Control of glycolysis in Crabtree-negative and positive yeasts



Baker’s yeast (Saccharomyces cerevisiae) stands out for an exceptionally high fermentative capacity which is triggered by high sugar supply, even in oxidative conditions. This phenotype, called the Crabtree effect, is supposed to have evolved in three main events (Dashko et al., 2014): (1) occurrence of overflow metabolism; (2) ability to grow anaerobically; (3) rewiring of the transcriptional network of sugar consumption. It is assumed that overflow metabolism was an outcome of a whole genome duplication (WGD) event during yeast evolution (Wolfe and Shields, 1997), however also some pre-WGD yeasts show a Crabtree-positive phenotype (Hagman and Piskur, 2015), indicating that overflow metabolism probably occurred prior to WGD. We recently found that in Komagataella phaffii (syn. Pichia pastoris), deregulation of a single gene encoding a transcription factor is sufficient to turn this canonical Crabtree-negative yeast into a fermenting, Crabtree-positive yeast (Ata et al., 2018). This transcription factor gene (CRA1) is orthologous to GAL4, however controlling glycolysis instead of galactolysis in K. phaffii (and probably other Crabtree-negative yeasts).

We hypothesize that transcriptional deregulation was an initial step in the evolution of Crabtree-positive yeasts, creating a first evolutionary advantage of overflow metabolism. This means that glycolysis is controlled at the transcriptional level, determining enzyme levels as the main flux-controlling determinant. In S. cerevisiae, however, glycolysis is mostly not regulated at the levels of transcription and enzyme level, but metabolically (Daran-Lapujade et al., 2007; van den Brink et al., 2008; Hackett et al., 2016). Therefore, it can be assumed that overflow metabolism came with a massive overproduction of glycolytic enzymes which pertains in Crabtree-positive yeasts. It is accepted today that the total cellular protein synthesis capacity is limited by the supply of precursor metabolites and energy (Carbonell-Ballestero et al., 2016; Noor et al., 2016; Borkowski et al., 2018), so that glycolytic overexpression would shift the proteome towards glycolytic enzymes, away from other metabolic enzymes. This re-allocation of resources will impact cell metabolism on many levels.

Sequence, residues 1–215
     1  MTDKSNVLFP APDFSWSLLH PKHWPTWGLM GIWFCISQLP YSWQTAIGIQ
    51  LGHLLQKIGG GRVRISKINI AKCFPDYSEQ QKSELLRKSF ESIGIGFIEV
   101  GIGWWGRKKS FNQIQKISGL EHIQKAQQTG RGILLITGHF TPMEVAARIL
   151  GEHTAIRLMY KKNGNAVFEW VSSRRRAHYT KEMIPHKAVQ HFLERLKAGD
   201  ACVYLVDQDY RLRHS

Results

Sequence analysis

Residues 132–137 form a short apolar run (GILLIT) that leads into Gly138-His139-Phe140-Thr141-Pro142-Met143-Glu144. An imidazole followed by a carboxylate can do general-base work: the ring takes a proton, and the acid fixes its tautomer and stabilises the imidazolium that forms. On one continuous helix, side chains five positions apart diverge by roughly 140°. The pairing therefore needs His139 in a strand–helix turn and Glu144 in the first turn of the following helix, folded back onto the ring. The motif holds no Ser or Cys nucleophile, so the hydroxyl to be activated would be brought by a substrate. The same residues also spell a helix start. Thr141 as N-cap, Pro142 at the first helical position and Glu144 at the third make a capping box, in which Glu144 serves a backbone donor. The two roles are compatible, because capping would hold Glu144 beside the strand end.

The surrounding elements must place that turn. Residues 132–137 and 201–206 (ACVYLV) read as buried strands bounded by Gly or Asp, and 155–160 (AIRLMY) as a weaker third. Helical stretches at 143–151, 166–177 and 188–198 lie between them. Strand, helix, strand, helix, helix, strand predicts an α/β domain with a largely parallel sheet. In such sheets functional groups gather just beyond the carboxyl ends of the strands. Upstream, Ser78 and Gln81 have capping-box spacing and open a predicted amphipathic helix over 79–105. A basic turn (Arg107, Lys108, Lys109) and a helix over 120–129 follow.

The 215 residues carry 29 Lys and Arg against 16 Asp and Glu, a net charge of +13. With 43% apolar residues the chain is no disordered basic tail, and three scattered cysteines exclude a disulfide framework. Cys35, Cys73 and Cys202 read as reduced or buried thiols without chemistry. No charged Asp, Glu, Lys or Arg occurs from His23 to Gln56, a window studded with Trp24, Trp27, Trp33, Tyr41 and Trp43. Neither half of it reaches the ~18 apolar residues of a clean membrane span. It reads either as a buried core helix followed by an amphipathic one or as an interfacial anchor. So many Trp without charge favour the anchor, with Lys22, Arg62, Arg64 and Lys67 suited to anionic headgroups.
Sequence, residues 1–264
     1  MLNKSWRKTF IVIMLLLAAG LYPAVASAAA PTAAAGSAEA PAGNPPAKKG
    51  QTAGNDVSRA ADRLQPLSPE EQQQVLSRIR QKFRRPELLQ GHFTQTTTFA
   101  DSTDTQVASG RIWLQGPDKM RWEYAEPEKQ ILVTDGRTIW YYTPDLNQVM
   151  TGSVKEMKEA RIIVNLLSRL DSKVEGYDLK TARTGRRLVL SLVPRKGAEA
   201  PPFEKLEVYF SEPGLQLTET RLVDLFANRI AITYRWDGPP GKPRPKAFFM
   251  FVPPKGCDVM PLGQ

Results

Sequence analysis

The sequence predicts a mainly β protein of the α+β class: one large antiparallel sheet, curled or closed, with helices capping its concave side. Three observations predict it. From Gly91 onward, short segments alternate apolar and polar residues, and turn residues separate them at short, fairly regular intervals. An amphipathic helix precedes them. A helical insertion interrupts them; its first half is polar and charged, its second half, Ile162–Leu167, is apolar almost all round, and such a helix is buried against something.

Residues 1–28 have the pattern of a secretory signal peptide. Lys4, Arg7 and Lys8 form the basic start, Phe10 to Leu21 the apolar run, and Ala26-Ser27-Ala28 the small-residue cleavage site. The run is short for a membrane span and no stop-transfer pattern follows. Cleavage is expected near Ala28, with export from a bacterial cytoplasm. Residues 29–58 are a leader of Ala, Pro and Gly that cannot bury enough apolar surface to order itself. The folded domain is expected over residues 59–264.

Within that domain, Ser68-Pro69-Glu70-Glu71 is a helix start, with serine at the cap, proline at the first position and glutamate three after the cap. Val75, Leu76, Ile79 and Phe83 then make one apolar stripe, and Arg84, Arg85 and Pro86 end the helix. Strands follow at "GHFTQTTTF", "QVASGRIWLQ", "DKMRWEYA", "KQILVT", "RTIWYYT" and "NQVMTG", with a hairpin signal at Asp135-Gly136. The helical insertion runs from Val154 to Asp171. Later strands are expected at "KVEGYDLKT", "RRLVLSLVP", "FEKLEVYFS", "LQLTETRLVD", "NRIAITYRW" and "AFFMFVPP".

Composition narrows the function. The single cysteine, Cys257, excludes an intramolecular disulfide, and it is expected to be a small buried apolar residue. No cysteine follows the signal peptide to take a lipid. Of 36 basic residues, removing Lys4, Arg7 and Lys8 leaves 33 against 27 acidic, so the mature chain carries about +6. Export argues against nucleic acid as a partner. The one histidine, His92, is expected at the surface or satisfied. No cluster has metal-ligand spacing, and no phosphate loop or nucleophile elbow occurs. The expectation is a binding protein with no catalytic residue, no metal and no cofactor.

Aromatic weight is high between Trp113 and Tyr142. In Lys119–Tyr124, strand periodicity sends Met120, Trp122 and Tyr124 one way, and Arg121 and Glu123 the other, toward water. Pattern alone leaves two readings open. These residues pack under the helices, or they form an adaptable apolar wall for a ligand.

Aims and methods.

This project aims to answer following questions:

1. Which fraction of the proteome is occupied by glycolysis? The fraction of the total proteome of K. phaffii and S. cerevisiae allocated to glycolysis will be measured by targeted proteomics using synthetic peptides as standards (Pan et al., 2009). Three strains will be compared here: K. phaffii wild-type (Crabtree neg.), K. phaffii CRA1 overexpressing (Crabtree pos.), and S. cerevisiae wild-type (Crabtree pos). They will be cultivated in chemostat both at a low dilution rate (non-fermenting) and a high dilution rate (fermenting).

2. Are glycolytic enzymes of S. cerevisiae more efficient? As mentioned above, glycolysis is not regulated at the level of enzyme amounts (transcription and translation) in S. cerevisiae. The initial experiments will show whether the amount of glycolytic enzymes is always as high as in deregulated, Crabtree-positive K. phaffii. This would indicate that the maximum capacity of the S. cerevisiae enzymes is higher than in K. phaffii. We will investigate this hypothesis by transplanting glycolytic genes of S. cerevisiae into K. phaffii. One gene per reaction is sufficient to enable strong glycolytic flux in S. cerevisiae (Solis-Escalante et al., 2015). These ORFs will replace one by one the K. phaffii ORFs in their native loci, by employing Golden Gate cloning (Prielhofer et al., 2017) and CRISPR-Cas9 genome editing (Gassler et al., 2018). Enzyme activities and catalytic properties will be measured according to Jansen et al., 2005.

3. How is K. phaffii metabolism impacted by deregulation of glycolysis? The glycolytic flux in the CRA1 OE strain is more than 2-fold increased over the wild-type, while PPP and TCA fluxes are reduced (Ata et al., 2018). Using the proteome data and published flux data, the load of glycolytic enzyme synthesis will be modeled by Resource Balance Analysis (RBA) (Reimers et al., 2017; Goelzer et al., 2011) and kinetic modeling (Kesten et al., 2015).

Collaborations within this thesis will include ZANGHELLINI (metabolic modeling), ALTMANN (proteomics) and HANN (metabolomics).

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